I found the shipwreck fascinating, it is close to the shoreline so you can walk right up to it to check out its decayed state up close. With nothing but sand and ocean around it, the shipwreck provides a stark contrast to the stunning scenery.
And again, despite stopping at Eli Creek the night before, we stopped again so that Adrian and Nigel could swim along it. Eli Creek is a freshwater stream feeding water from many kilometres away into the ocean. It is surrounded by forest, but a path takes you alongside it and you can cross it by bridge at various spots along the way. The thing to do, it seems is to jump in the water and let the current drag you all the way along to the main beach, which is what Ade and Nigel did. It was too cold for me (I’m a bit of a wuss, truth be told), but it did look like a whole lot of fun.
While the distance from Eurong to Champagne Pools isn’t far, driving through sand and water banks, means it takes a lot longer than you would expect. We were gone all day, and other than an hour’s stop at the pools none of our stops were for very long.
But Fraser forces you to take your time and enjoy the scenery around you.
Our first lake this trip was to Lake Waddy – a lake that is slowly being eaten away by a sandblast.
Walking in from Eastern Beach you can either walk via the sandblast or a made path. While the made path sounds easier, I don’t think it actually was! This way you suddenly come upon the lake and there is no way around but to walk through the lake to get to the main “picnic” area.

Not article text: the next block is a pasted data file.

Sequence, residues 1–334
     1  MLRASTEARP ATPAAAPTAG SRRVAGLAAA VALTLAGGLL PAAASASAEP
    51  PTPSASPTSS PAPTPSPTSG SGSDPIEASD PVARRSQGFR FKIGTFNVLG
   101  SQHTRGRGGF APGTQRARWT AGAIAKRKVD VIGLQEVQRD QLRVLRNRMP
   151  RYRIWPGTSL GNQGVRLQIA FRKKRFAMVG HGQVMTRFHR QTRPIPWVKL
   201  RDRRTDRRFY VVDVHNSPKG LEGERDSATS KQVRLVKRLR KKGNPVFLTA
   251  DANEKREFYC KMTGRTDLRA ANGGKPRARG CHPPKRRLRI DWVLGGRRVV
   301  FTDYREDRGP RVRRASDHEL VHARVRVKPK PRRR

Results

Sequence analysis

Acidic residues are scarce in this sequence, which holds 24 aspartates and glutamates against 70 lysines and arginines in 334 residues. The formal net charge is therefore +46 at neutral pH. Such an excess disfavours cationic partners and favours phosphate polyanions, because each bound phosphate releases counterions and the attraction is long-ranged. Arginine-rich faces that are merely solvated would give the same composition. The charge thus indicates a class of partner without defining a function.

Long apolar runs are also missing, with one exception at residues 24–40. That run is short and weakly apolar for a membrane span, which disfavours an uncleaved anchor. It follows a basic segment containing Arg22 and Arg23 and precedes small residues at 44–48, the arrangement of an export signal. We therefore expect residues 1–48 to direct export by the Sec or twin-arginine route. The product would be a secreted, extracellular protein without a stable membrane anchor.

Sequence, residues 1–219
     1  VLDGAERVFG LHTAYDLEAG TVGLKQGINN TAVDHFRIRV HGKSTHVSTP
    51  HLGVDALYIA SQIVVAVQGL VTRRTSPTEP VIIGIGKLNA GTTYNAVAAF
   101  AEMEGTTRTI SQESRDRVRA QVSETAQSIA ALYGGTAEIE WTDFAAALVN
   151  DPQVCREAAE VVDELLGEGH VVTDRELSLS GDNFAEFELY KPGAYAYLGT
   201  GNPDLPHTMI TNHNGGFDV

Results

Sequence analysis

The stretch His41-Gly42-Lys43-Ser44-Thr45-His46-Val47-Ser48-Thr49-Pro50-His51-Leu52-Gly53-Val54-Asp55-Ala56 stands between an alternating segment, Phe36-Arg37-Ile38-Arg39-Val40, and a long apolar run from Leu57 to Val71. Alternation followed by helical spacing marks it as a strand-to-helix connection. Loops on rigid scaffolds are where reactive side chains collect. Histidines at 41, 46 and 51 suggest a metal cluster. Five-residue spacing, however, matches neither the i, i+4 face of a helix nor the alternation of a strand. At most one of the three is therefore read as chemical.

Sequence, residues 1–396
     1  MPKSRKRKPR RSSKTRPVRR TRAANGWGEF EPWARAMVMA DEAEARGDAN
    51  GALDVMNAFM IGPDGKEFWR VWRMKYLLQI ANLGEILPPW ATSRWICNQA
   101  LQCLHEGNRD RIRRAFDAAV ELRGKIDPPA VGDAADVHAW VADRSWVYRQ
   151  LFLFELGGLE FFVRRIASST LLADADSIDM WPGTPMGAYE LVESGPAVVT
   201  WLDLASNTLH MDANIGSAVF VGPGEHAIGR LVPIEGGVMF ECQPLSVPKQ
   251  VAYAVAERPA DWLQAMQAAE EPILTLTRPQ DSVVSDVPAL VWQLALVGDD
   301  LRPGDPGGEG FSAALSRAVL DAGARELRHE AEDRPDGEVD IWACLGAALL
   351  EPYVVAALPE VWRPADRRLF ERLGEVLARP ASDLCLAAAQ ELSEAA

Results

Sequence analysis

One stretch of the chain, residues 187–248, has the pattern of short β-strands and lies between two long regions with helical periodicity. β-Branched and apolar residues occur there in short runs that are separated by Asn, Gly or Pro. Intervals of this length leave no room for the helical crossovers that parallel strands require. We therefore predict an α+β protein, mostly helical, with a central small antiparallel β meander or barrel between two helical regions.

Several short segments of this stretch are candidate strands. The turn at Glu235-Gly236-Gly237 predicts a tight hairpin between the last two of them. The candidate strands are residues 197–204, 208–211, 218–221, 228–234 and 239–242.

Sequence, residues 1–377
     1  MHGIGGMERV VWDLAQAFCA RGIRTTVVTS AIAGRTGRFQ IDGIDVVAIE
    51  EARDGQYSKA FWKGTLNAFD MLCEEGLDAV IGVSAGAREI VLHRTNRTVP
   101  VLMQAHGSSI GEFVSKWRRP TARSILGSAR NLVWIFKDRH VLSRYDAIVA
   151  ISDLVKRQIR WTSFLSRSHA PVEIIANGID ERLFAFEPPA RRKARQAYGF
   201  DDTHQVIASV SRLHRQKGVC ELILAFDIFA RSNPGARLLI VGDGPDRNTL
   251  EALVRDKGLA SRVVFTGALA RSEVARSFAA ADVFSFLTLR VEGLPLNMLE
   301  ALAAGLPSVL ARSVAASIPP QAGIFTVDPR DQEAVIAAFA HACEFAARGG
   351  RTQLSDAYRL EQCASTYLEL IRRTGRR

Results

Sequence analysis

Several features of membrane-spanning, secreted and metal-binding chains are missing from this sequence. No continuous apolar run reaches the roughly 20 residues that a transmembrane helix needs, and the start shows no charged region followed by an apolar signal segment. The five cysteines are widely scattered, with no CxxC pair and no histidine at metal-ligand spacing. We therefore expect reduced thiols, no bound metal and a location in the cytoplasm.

The water isn’t deep, so it’s not arduous.
The water is brown in colour, not the stunning blue of Lake McKenzie – one of the best known sites on the island – but the bank of sand leading down into it gives it a really interesting look. It is well worth walking up the sand bank to view the vast amount of sand there – it really is like standing on a dessert.
For old times sake we had to go back and check out Lake McKenzie of course – this time we managed to go by car, much easier!
We arrived late in the day when most people were packing up to go, so didn’t really have time to take in the surroundings. It was much smaller than I had remembered it and not quite as striking, perhaps I had built it up in my mind, or perhaps the journey to get to the Lake last time had played a part in it seeming that little bit more spectacular. I can’t say we were disappointed, it is beautiful, but it wasn’t quite as awe-inspiring as it was on our first visit.
We stayed at the beautiful Kingfisher Resort.
We were here for two nights.
Was it long enough? No! I could have stayed for weeks soaking up the beaches. There is so much to see and do here and while we did most of it, I could have stayed longer everywhere we visited!
Highlights: The Maheno Shipwreck, Eli Creek, Lake McKenzie, the Champagne Pools, watching for whales from, well, everywhere… the list is endless.